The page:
"Better and better every day," Deeks said, and turned away. "Hey, you want a coffee? I just put a pot on to brew."

"Nice place you have here," Gary smiled easily. "You must be doing well for yourself."

Deeks shrugged, a little stiffly. "I do alright," he muttered, and turned into the kitchen. "Still black, two sugars, right?"

Sudden, quick movement behind him made him turn. The nagging stiffness from his injuries made him too slow. The fridge handle pressed into his stomach as his old friend shoved him against the appliance, twisting his arm behind his back to keep him from moving. Deeks jerked as cold metal touched his wrists.

"Tell me where it is," Gary snarled. "And I might not shoot you with your own gun. I'll make it look like a suicide. They'll think you were just another washed up cop who couldn't hack it."

As if to emphasise his point, he pressed the gun barrel to the base of Deeks' skull.

"Tell you where what is?" Deeks managed to get out. The pressure against his back was making it hard to breathe. "Damn it, Gary. Have you lost your mind?"

"Let me refresh your memory, Deeks," Gary said flatly. "Four years ago. We were in deep cover inside a drugs ring. The leader told you where he stashed his cash before we busted his ass and packed him off to jail." The gun shifted, trailing lower to press against Deeks' neck. "Well, he was just knifed to death in jail, so I figure that money is ours for the taking."

Deeks shifted a little bit, trying to ease the pain screaming through his side. "There never was any money. It was all a ruse. He spent what he had on more product… most of it went up his damn nose."

"Uh-huh." Gary scolded. "I don't believe you… strange, when you're living in a nice place like this, isn't it?" He tightened his fingers on Deeks arm. "See, me and my wife, we have a little house that'll never be ours. That money would come in real handy right about now."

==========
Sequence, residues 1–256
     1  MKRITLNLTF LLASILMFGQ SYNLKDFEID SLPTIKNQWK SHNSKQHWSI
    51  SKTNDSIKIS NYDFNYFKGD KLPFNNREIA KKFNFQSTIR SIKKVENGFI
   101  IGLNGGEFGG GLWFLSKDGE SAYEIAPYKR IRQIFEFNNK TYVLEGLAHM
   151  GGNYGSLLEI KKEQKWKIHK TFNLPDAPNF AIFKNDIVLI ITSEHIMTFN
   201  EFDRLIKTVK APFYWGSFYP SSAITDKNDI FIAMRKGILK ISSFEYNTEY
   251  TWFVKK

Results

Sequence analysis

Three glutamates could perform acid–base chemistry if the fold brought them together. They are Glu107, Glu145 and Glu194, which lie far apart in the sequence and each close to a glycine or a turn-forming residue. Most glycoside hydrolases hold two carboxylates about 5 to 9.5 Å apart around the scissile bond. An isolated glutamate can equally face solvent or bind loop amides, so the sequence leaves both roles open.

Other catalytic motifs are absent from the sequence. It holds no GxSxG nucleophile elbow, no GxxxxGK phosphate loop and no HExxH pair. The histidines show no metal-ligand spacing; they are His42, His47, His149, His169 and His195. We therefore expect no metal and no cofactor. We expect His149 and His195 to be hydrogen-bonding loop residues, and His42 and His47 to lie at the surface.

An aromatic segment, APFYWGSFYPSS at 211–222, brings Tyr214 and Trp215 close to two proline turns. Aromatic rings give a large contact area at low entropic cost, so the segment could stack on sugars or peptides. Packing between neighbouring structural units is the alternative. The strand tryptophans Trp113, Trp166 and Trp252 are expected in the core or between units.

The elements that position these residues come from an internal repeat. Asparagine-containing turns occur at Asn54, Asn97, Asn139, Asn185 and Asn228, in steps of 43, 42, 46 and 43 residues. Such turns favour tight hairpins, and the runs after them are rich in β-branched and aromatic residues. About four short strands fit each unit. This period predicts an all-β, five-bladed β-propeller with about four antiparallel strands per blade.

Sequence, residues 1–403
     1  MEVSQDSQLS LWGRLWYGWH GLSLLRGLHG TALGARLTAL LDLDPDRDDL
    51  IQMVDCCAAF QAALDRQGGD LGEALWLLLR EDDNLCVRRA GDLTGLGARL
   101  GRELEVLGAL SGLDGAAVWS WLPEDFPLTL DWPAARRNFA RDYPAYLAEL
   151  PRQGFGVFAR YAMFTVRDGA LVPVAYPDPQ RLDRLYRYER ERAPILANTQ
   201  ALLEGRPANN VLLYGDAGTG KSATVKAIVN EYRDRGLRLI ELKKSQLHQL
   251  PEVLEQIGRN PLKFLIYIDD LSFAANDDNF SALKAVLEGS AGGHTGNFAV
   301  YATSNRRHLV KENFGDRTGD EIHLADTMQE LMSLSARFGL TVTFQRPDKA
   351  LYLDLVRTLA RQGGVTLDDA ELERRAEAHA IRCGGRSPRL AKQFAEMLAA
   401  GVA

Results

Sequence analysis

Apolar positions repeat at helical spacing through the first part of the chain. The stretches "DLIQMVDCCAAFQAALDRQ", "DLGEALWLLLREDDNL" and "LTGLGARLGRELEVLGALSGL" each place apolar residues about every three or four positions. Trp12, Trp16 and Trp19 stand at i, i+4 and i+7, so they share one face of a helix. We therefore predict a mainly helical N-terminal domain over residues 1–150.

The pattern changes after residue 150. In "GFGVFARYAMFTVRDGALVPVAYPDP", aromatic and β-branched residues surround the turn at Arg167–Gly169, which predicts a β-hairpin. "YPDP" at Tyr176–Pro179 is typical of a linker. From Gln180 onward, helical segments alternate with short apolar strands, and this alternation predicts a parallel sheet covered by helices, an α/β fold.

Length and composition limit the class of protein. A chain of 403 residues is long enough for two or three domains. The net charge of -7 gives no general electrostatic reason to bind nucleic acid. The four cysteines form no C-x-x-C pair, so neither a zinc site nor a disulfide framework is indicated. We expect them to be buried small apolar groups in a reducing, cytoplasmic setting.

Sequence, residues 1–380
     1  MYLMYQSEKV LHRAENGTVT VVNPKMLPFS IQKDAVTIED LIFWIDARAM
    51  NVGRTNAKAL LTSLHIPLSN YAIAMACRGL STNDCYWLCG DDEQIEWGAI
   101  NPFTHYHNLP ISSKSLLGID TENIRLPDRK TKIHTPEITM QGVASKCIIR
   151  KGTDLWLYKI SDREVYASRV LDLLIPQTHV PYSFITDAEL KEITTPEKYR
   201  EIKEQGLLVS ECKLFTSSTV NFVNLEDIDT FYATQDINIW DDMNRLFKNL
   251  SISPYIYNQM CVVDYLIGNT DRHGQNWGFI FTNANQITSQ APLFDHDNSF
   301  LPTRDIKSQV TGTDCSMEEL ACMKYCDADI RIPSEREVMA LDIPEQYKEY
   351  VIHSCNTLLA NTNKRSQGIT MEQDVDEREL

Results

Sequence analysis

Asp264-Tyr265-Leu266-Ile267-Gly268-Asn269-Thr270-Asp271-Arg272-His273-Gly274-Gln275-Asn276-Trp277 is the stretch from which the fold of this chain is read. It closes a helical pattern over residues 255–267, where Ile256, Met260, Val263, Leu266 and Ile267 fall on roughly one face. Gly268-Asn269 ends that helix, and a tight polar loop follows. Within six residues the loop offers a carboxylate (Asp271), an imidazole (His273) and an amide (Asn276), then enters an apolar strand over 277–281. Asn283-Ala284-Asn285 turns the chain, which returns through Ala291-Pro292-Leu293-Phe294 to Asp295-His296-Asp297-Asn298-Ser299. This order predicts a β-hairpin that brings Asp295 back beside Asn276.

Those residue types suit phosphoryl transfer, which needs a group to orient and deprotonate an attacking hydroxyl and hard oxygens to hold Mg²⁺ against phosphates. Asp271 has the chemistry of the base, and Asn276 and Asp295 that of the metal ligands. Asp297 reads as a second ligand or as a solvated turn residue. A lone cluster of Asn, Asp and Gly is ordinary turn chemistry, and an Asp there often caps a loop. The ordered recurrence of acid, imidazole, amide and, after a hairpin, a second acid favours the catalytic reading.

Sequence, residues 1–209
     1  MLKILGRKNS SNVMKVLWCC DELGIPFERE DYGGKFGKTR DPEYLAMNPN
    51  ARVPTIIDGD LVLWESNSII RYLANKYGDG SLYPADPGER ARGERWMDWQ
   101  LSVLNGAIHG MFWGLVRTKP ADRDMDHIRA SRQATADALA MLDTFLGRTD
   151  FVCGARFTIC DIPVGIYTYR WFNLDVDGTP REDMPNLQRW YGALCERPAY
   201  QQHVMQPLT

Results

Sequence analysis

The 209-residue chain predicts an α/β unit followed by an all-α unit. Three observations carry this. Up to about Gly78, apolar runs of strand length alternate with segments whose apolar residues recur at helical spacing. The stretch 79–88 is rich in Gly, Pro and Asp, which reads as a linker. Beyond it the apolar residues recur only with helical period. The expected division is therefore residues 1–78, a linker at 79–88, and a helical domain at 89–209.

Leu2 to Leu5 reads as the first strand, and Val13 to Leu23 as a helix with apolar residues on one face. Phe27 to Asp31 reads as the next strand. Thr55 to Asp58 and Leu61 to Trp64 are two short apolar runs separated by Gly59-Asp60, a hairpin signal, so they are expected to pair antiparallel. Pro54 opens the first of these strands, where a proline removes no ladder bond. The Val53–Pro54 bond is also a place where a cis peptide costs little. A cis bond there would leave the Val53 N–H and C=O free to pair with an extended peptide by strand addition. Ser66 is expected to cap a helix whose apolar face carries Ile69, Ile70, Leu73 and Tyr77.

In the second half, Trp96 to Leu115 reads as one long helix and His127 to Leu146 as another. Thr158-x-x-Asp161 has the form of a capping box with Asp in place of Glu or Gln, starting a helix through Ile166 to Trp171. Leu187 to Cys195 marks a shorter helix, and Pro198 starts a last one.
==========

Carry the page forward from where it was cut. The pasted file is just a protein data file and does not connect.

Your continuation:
Cold fear wound through Deeks as he listened to his old friend's voice. The wiry man was fearless and utterly ruthless, ideal on an undercover mission, but damn scary when he was standing at your back with a loaded gun. Pain painted red lace around Deeks' vision. It would drag him under.

Gotta do something now, before it's too late, he thought. The blonde haired man set his feet against the floor and shoved backwards with all of his flagging strength, driving his head into his old friend's face. It sent them staggering backwards a step.

Gary twisted, using the motion to sweep Deeks' legs out from under him. Deeks landed in a pained heap, arms twisted cruely behind his back. "You're going to pay for that, you bastard," Gary snarled and pointed the gun at Deeks' head. He pulled a capped syringe out of his pocket and leaned over Deeks, pressing him against the floor with a knee in the spine. "I have something that'll make you talk."

Deeks thrashed like a hooked fish, fighting to keep that needle out of his skin. It didn't work. The needle pierced his skin, sending a rush of warmth through him. The last thing he heard before blessed darkness swallowed him was his old friend's maniacal laughter.